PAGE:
@DanielRosenwasser DanielRosenwasser changed the title Type parameter constrained to set of literal types cannot be exhaustively narrowed to 'never' Type parameter constrained to union cannot be exhaustively narrowed to 'never' Dec 30, 2016
@akarzazi
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Why use the generic signature ? (again)
function handleAction(action: AnyAction) {

@mhegazy mhegazy removed this from the TypeScript 2.2 milestone Dec 30, 2016
@Strate
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Strate commented Dec 31, 2016

@akarzazi so, for example you want to return same value from the function, then you should use generic:

declare function handle<T extends Action1|Action2>(action: T): T

@akarzazi
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@Strate Do you have a type that extends Action1|Action2 ? (I guess No)
You do not need generics to return the same value
function handleAction(action: AnyAction) : AnyAction

@OliverJAsh
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I have a problem which I think is related to this.

{
    type FooOrBar = "foo" | "bar"

    let x: FooOrBar
    (() => { // Error: Not all code paths return a value.
        if (x === 'foo') {
            x
            return 1
        } else if (x === 'bar') {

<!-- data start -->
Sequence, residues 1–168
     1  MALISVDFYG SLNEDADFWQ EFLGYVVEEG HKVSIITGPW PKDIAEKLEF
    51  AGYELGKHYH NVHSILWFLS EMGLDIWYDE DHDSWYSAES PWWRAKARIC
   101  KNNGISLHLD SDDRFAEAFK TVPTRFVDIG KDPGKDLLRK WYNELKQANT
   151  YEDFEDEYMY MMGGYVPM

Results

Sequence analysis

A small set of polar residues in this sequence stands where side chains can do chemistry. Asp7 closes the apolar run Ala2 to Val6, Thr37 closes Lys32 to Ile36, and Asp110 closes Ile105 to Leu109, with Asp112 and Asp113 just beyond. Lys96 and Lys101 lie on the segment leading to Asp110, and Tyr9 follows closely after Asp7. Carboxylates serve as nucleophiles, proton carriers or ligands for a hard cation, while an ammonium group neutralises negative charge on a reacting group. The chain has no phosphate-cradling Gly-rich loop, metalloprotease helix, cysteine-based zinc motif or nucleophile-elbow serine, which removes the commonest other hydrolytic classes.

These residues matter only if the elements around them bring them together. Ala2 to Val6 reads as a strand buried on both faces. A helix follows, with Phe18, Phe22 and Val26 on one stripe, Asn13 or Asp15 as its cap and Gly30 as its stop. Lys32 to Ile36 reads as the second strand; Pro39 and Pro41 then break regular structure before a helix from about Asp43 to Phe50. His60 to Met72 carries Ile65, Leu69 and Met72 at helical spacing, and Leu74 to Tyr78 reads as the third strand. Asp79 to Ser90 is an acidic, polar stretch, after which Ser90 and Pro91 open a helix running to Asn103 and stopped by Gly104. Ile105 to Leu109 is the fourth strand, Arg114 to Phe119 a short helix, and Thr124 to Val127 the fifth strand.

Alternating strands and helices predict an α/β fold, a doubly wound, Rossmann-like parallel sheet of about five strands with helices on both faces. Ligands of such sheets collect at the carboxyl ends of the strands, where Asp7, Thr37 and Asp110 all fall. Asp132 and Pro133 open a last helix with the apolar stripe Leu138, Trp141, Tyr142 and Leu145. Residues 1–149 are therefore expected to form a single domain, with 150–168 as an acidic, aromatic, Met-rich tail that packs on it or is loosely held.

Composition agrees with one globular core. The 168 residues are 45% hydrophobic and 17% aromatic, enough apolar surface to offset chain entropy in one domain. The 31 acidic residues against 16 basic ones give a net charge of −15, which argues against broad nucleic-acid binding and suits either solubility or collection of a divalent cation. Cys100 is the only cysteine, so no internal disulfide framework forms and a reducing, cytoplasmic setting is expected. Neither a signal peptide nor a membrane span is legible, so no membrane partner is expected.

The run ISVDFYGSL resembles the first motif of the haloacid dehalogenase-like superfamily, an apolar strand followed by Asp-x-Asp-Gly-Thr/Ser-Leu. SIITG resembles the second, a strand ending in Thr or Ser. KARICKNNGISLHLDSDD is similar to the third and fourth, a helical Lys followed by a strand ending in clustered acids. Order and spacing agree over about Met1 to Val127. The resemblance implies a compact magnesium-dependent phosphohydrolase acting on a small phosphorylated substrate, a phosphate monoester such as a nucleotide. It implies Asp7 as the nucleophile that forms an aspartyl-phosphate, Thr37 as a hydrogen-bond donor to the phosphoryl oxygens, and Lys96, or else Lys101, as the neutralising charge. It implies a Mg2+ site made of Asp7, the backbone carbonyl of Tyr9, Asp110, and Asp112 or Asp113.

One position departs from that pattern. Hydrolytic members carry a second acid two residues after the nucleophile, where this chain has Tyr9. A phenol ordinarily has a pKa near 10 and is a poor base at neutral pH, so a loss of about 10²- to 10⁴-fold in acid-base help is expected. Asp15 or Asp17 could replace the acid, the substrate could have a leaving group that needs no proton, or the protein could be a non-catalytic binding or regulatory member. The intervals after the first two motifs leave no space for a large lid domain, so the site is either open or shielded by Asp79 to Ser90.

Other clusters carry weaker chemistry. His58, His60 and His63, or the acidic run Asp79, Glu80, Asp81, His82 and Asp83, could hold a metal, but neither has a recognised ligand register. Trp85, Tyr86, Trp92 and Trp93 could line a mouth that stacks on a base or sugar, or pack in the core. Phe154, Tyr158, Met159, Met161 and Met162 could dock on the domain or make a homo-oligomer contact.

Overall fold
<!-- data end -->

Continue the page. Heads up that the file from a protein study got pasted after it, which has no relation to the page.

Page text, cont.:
x
            return 2;
        }
    })
}

TS should be smart enough to know I have exhausted the union here.

Is this related?

@mhegazy mhegazy added Suggestion An idea for TypeScript In Discussion Not yet reached consensus and removed Bug A bug in TypeScript labels Jul 23, 2018
@Adjective-Object
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Adjective-Object commented May 30, 2019

You do not need generics to return the same value
function handleAction(action: AnyAction) : AnyAction

I think the intent is for the following snippet:

type TypeA = {discriminator: 'a', count: number}
type TypeB = {discriminator: 'b', count: number}
function increment(x: TypeA | TypeB ): TypeA | TypeB {
  return {...x, count:x.count+1};
}

// this fails to typecheck, because `increment`
// does not return the exact type that it is being passed
type a: TypeA = increment({discriminator: 'a', count: 0});

Being able to constrain increment such that it returns the exact type it is passed.

@arxanas
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arxanas commented Sep 16, 2019

I believe this is the same issue:

type Foo = "bar" | "baz";

function okay(foo: Foo): number {
    switch (foo) {
        case "bar":
            return 1;
        case "baz":
            return 2;
    }
}

// Function lacks ending return statement and return type does not include 'undefined'.
function illegal<T extends Foo>(foo: T): number {
    switch (foo) {
        case "bar":
            return 1;
        case "baz":
            return 2;
    }
}

This is useful in practice. My actual use-case involves a type projection like function foo<T extends Id>(id: T, assocatedData: AssociatedData[T]>), like this:

const data = {
  "foo": {},
  "bar": {},
};

type AssociatedData = {
    "foo": {
        name: string,
    },
    "bar": {
        id: number,
    },
};

type Id = keyof typeof data;

function fancy<T extends Id>(id: T, data: AssociatedData[T]): number {
    // Not detected as exhaustive.
    switch (id) {
        case "foo":
            return 1;
        case "bar":
            return 2;
    }
}

(NB: the type projection does not refine types exactly how I would like here, but that's a separate issue.)